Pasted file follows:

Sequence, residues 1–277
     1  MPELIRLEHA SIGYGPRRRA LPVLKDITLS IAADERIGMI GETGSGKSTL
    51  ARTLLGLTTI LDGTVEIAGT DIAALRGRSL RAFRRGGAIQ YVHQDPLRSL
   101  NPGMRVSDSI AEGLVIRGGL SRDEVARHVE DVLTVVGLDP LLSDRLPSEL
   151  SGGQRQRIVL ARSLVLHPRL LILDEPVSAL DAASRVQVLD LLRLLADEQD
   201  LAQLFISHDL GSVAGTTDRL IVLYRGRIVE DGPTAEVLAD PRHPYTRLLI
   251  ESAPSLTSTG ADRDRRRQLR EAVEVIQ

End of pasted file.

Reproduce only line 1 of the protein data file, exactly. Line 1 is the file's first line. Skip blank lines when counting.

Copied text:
Sequence, residues 1–277